Since 1993, a multi-disciplinary team of scientists has worked to provide significant insight and quantification on wind erosion and dust emissions from farm fields and the potential impacts to people living downwind. We have tested and verified a number of potential farm management and cropping system options to control wind erosion. Our field research has shown that some control practices are clearly not agronomically and economically viable, whereas other practices can be put to use to benefit our soil resource and air quality without hardship to the livelihood of farmers. The project continues to identify or develop sustainable practices that will reduce dust emissions from agricultural soils as well as to develop the capabilities to predict blowing dust events. As a result, decisions by farmers and agencies are being made from solid science.

The work of the Columbia Plateau Project has supported and continues to inform efforts to minimize windblown dust in Benton County.

Description of the EPA’s Exceptional Events Policy

The policy addresses PM-10 National Ambient Air Quality (NAAQS) violations caused by natural events. In the Columbia Basin these exceedances are caused by high wind.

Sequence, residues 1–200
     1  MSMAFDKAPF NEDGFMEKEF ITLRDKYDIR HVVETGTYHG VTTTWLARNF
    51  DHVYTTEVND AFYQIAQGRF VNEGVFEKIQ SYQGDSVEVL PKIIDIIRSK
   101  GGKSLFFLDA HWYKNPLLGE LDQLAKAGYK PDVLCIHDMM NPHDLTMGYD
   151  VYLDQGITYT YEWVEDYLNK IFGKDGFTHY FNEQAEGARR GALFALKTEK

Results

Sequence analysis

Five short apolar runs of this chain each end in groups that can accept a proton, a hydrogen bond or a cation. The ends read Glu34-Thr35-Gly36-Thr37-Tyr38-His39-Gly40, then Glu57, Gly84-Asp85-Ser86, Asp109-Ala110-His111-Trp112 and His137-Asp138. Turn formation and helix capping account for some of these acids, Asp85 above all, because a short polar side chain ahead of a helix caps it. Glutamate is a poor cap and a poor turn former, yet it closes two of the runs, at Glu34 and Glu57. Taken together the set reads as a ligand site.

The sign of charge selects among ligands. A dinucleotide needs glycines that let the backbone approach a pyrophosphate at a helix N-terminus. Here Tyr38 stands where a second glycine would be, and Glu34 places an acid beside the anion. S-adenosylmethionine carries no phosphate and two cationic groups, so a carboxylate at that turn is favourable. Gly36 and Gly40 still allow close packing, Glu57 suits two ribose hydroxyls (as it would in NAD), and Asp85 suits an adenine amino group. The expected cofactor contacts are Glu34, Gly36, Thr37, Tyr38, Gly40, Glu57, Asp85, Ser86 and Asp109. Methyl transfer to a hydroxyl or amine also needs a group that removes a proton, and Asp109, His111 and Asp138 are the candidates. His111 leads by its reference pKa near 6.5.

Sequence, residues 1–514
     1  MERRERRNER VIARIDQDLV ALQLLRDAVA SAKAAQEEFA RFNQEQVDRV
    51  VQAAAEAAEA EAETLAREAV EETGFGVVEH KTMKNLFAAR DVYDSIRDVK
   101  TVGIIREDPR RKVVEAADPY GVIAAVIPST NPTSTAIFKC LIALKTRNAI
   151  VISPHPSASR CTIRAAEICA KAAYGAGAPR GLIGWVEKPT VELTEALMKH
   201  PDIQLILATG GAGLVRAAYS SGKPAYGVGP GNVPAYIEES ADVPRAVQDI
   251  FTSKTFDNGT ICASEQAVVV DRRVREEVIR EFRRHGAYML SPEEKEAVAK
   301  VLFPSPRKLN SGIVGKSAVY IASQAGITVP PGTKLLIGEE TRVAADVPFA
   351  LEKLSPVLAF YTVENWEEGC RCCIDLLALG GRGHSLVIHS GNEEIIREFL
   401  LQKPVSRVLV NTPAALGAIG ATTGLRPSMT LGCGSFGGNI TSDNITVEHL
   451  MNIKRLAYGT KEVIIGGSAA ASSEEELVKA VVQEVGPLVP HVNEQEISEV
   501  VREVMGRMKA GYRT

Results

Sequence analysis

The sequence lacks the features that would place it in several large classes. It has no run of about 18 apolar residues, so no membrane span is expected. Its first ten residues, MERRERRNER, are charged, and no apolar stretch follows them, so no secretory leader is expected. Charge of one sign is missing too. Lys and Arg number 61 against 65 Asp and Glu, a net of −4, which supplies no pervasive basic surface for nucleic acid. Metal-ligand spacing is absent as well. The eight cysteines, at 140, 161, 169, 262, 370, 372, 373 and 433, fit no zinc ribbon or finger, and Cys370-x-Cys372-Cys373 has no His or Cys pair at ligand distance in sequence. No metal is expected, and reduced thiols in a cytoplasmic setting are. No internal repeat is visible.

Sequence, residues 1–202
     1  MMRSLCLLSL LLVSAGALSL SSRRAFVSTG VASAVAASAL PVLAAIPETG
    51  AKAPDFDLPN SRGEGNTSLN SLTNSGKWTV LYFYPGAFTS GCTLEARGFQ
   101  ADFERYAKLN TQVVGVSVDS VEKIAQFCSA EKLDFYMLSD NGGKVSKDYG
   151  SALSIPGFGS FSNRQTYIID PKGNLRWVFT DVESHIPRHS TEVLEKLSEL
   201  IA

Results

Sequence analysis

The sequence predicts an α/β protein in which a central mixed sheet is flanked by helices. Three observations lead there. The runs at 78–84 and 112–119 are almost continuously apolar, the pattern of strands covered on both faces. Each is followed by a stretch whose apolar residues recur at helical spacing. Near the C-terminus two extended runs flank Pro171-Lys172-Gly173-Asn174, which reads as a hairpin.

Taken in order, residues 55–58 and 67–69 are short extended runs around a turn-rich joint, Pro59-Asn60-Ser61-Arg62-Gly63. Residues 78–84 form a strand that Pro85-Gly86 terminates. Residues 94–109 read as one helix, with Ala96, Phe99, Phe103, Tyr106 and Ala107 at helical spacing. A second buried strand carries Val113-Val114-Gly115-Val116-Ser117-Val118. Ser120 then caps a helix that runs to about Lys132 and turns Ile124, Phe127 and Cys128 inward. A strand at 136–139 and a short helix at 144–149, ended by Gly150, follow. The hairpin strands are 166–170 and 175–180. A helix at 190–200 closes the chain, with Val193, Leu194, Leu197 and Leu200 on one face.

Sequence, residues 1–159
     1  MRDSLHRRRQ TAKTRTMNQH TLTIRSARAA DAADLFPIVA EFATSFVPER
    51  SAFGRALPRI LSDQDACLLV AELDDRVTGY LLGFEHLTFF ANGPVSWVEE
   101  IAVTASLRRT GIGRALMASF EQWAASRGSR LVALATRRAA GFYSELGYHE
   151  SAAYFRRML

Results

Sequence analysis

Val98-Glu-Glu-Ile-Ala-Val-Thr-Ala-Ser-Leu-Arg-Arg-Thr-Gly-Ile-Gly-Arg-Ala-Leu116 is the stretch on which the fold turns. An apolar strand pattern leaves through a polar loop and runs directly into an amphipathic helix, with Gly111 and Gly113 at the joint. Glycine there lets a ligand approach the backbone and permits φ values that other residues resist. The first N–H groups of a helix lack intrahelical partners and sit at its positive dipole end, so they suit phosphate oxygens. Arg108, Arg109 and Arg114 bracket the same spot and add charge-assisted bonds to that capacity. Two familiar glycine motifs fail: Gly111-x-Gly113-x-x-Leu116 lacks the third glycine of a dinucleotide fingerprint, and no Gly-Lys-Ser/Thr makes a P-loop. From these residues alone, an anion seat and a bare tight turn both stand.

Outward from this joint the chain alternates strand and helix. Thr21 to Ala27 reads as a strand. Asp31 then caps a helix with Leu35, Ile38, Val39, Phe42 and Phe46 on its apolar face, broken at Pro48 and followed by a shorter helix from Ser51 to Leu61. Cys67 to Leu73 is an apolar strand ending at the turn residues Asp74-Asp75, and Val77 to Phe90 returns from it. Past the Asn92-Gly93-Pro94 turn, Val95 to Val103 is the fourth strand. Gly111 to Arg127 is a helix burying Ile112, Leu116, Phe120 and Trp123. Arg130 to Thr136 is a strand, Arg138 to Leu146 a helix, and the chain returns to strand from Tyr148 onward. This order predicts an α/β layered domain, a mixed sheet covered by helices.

This policy applies at the time the State determines that a PM-10 NAAQS has been violated due to natural events and addresses the question of what should be done to protect public health.

The guiding principles followed in developing this policy are:
1. Protection of public health is the highest priority of Federal, State, and local air pollution control agencies.
2. The public must be informed whenever the air quality in an area is unhealthy
3. All valid ambient air quality data should be submitted to the EPA Aerometric Information Retrieval System (AIRS) and made available for public access.
4. State and local agencies must take appropriate reasonable measures to safeguard public health regardless of the source of PM-10 emissions.
5. Emission controls should be applied to sources that contribute to exceedances of the PM-10 NAAQS when those controls will result in fewer violations of the standards.

Definition of PM-10 Natural Events caused by High Wind High Winds:

Ambient PM-10 concentrations due to dust raised by unusually high winds will be treated as due to uncontrollable natural events under the following conditions:
(1) the dust originated from non man-made sources, or
(2)the dust originated from man-made sources controlled with best available control measures (BACM)

This definition means that in order to be “excused” as a NAAQS exceedance, agriculture, businesses, and individuals must already be using control measures for windblown dust.

Here is a copy of Washington State’s Exceptional Events Plan is Natural Events Action Plan 2003

A dust storm occurred in March of 2004. Natural Events documentation was developed for submittal to the EPA. A copy of that document is March 18. 2004 Event